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Newly discovered 1966 Nina Simone recording is set for release this Friday

Verve Records
Universal Music

As part of a yearlong celebration of Nina Simone’s 90th birthday, a newly discovered recording from the Tryon, North Carolina-born singer’s performance at the 1966 Newport Jazz Festival is set for release this Friday, called "You’ve Got To Learn." Shana Redmond is a writer and music scholar at Columbia University who has written extensively on Nina Simone’s life and legacy, including the liner notes for this new release. She spoke with WFAE Program Director Eric Teel.

Eric Teel: Shana Redmond, thank you for taking time to talk to me. How did you end up down the path of becoming Nina Simone's scholar and expert?

Shana Redmond: First of all, thank you for having me. But when I was in graduate school and doing research, I was interested in trying to bring together my two passions, which were political organizing and music-making. And so in doing that work, I came, of course, to Nina Simone, who at the middle century moment of the 20th century, of course, was one of the kind of political powerhouses not only as a musical artist or creative, but just as a political thinker. And ever since then, I've been hooked by this person who, as you know, and I'm sure all listeners can appreciate, is deeply, deeply enigmatic, but also profoundly significant for musical study in the 20th century.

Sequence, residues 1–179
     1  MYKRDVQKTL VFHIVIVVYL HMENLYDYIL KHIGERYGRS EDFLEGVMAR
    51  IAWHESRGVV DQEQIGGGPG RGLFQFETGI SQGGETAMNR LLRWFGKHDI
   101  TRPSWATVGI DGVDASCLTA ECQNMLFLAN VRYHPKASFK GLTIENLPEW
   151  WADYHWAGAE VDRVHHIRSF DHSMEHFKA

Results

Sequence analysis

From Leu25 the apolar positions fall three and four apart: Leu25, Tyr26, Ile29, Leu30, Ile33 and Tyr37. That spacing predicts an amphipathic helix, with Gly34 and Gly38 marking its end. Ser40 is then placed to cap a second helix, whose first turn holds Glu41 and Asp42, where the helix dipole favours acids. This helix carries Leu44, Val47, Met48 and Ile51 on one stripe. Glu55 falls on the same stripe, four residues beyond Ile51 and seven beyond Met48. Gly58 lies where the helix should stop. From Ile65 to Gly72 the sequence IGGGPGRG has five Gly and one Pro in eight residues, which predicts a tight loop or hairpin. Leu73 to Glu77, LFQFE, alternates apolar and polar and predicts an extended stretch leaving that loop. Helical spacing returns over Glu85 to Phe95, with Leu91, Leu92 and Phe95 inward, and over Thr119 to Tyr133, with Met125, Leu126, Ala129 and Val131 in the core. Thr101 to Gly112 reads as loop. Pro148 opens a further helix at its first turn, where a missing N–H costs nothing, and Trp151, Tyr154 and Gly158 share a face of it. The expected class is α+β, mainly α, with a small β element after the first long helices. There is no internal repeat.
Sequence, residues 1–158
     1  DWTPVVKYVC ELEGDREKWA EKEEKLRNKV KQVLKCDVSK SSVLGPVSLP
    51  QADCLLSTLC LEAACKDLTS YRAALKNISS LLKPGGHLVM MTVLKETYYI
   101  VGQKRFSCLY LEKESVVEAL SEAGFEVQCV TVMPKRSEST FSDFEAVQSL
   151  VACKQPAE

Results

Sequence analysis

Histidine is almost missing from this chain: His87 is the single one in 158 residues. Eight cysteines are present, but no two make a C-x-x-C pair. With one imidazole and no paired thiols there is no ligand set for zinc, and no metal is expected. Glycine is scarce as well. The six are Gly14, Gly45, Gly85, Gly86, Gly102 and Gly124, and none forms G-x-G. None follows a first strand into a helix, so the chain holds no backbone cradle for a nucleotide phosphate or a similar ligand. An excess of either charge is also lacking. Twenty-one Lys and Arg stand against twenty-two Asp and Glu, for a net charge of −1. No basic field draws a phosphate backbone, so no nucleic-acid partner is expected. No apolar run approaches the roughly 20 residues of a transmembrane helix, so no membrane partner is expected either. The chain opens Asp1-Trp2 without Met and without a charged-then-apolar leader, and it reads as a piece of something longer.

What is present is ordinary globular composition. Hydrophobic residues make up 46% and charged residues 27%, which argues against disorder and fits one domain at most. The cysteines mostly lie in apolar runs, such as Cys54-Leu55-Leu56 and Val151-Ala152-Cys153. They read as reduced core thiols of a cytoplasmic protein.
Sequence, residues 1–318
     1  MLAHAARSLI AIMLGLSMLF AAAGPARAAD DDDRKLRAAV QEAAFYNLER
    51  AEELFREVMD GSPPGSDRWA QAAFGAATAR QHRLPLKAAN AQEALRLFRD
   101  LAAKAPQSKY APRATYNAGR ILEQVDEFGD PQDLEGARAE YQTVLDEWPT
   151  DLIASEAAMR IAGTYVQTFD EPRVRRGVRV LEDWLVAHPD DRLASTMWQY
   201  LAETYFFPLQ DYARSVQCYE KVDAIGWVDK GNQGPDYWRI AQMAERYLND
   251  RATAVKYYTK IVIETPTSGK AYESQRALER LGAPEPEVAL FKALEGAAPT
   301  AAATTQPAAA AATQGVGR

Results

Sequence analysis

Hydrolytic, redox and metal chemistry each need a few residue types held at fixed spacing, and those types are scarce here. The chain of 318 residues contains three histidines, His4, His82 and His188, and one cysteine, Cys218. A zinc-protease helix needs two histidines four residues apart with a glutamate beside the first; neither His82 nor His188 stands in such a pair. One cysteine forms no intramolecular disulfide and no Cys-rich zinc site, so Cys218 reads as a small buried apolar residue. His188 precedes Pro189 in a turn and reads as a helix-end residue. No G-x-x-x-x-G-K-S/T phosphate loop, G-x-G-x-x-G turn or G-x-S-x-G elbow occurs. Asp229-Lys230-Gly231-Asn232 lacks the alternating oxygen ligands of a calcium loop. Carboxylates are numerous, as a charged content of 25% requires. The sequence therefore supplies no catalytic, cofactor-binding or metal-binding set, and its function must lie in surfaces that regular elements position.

Teel: How are we in 2023 still finding these unreleased performances and recordings, under couches, in vaults somewhere?

Redmond: It's amazing, isn't it? I don't know how we come to all of these recordings. I mean, you know, there's a lot to be said about that. I do know, right, that there's a long history of musicians being recorded often without their consent and these kinds of bootleg copies of their songs and their live performances floating to the surface. This happened differently, this recording that we're discussing today, but it's something that musicians are regularly concerned with and kind of have their senses open to.

Teel: Sonically, it's really good, isn't it?

Redmond: It's beautiful. Yeah, it's beautiful. Even just the more sentient elements or the more elemental elements, right? Hearing the wind, right? And she makes a comment during one of the songs where she says, ‘It's nice to be out here in this wind,’ right? And this is what is so magical or can be so magical about live performances, right? Is that you're getting all of the real-time interactions between the musicians, between the musicians and the audience, but also between the musicians and the earth, between the musicians and the environment.